I am a Christmas card junkie and hoarder. All my Christmas cards are displayed on my fireplace mantle (and this year, this is the extent of our Christmas decorating). Each year, after Christmas, the cards are stowed away, and the pictures are placed in an album. I have Christmas pictures of all my friend’s children, their dogs / cats, their vacations, etc. in my photo albums. I do not toss away at the end of the holiday season — I save and cherish.
What is my fascination with Christmas cards? I’m not sure. And I don’t send out particularly great ones myself. I don’t include write-ups of what I’ve been doing the past 12 months (hint: working, sleeping, working, occasional trip, working) because there are usually no great dramas or milestones (thank You, Lord, for the lack of drama). This year was the first year that I sent out a “picture” Christmas card.
Yet I absolutely love getting Christmas cards from my family and friends. I love knowing that people were thinking of me, putting me on their “Best Wishes” list, going to the trouble in this day and age of instant messaging to find my address and addressing (ah, the tedium) an envelope. When I look at my mantle and the number of Christmas cards, it’s a visual reminder of the sheer number of people in my life that care for me and for whom I care.
I don’t suppose that most people know that when they send me a Christmas card they are saying more than “Happy Holidays”, “Merry Christmas & Happy New Year” — they are also saying “you are loved”. Back at you all.

Out of Control

It’s been a long time since I’ve had a chance to sit down and put down any thoughts. A whirlwind of activities and events have been taking place around me, and sometimes I have literally felt that I have been observing the proceedings rather than actively engaging (or directing) them.

The lack of control (or the perception that I lack the control) has colored much of my life and played an important part in my outlook, attitude and mental health most of my thirty-ahem-odd years. It’s amazing how anxious and nervous and rattled we humans become when we don’t feel like we have the answer, the we know the outcome, that we’re prepared for the unexpected.

I recently read a daily devotional that described how flying and surgery are two of the few times that people knowingly and willingly give up all control — we board a plane / lay on a operating table, buckle our seat belt / close our eyes, and allow the pilot to lift us off the ground / anesthesiologist to put us to sleep and the surgeon to cut us open. And we have little to no say in how they perform those tasks.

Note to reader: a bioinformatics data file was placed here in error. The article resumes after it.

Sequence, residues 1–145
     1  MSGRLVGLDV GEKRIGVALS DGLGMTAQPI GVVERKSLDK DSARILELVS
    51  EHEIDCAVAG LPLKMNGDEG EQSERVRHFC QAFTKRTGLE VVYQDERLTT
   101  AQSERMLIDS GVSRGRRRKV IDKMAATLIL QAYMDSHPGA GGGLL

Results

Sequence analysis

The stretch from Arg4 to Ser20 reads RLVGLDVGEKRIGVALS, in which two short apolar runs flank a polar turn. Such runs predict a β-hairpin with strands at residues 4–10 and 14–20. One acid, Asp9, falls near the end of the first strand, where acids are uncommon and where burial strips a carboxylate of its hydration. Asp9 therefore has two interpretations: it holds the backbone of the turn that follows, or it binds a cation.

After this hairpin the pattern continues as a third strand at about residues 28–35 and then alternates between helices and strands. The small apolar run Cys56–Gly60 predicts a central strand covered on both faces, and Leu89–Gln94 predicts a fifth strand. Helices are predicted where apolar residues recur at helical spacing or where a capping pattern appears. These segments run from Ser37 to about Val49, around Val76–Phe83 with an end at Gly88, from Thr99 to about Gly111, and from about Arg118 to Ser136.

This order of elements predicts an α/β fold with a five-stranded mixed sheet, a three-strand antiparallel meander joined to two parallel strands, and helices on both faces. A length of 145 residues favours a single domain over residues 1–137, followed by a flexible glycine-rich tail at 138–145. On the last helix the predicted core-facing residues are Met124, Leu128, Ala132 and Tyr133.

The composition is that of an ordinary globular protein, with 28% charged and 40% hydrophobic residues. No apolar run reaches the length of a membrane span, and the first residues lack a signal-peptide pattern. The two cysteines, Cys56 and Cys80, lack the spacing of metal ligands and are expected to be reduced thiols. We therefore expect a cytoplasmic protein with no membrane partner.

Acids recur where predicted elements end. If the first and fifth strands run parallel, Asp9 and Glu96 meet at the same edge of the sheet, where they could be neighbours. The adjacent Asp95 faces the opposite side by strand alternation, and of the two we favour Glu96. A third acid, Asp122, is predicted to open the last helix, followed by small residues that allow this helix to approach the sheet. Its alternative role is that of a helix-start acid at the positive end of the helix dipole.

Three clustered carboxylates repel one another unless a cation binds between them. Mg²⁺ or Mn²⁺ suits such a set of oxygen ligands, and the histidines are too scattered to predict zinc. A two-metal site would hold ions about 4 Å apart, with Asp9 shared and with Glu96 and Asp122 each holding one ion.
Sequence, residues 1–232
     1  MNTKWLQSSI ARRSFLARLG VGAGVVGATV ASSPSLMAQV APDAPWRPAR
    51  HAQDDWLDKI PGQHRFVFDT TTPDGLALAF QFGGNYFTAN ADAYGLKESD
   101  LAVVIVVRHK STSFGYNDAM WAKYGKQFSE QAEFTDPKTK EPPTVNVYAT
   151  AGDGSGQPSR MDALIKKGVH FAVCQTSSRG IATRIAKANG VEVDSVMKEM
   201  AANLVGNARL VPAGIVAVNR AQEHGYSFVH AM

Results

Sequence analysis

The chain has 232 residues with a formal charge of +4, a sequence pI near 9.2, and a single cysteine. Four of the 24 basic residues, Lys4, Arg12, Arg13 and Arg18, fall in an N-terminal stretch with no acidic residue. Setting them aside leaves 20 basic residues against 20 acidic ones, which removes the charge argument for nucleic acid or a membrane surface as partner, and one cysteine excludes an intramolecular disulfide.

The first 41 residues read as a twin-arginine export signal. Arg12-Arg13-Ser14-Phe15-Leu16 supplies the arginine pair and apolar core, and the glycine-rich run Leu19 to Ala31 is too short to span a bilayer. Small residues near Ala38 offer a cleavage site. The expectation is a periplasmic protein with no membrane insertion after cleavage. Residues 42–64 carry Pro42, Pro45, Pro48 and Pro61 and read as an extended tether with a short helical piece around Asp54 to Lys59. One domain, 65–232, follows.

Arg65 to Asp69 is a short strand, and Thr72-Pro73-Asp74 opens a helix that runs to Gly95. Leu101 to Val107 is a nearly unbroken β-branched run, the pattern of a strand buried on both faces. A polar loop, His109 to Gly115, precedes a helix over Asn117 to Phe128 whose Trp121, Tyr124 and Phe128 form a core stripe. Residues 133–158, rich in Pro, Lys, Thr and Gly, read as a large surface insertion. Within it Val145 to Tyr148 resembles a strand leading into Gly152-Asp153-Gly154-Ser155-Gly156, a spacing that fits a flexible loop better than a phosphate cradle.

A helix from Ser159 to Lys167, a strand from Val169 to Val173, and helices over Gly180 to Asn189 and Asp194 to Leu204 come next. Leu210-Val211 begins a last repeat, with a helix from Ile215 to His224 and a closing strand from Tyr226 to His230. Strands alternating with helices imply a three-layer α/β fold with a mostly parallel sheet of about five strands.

I have a hard time letting go, letting the chips fall, saying que sera sera. There is so much that is, well frankly, just scary out there. Yet, my powers aren’t super and my knowledge is omniscent. I’m vulnerable and prone to make errors. So, what is the answer?

I’m not sure. It’s as simple as that. I don’t know, but I’ve made it thirty-ahem-some years without screwing it up too badly. I think that some of it is not taking yourself too seriously. I think some of it is leaning on your family and friends when you need help (and when you don’t). Some of comes down to (as Tracy Jordan from “30 Rock” said) “Live every week like it’s Shark Week.” I’m pretty sure 100% of it is trusting in the Lord.

There is a song by the Indigo Girls in which the question is asked in the chorus “What would you give for your childhood fears?” I’ve thought about that question a lot over the years — what did I fear when I was young? My friends not being my friends any more; Mom and Dad being mad at me; not getting the “cool” pair of jeans or sneakers? In retrospect, those seem like such silly, small fears that who wouldn’t trade their scary, adult fears (mortgages, lay-offs, divorces, addictions, etc.) for their childhood fears. But I wouldn’t. I think that I’m better equipped now to handle my big, scary adult fears.

So, I’m feeling a little out of control. Lord, before You take this plane off and perform my surgery (cause I’m putting this into Your hands), could I get a drink, an insurance policy and a hug?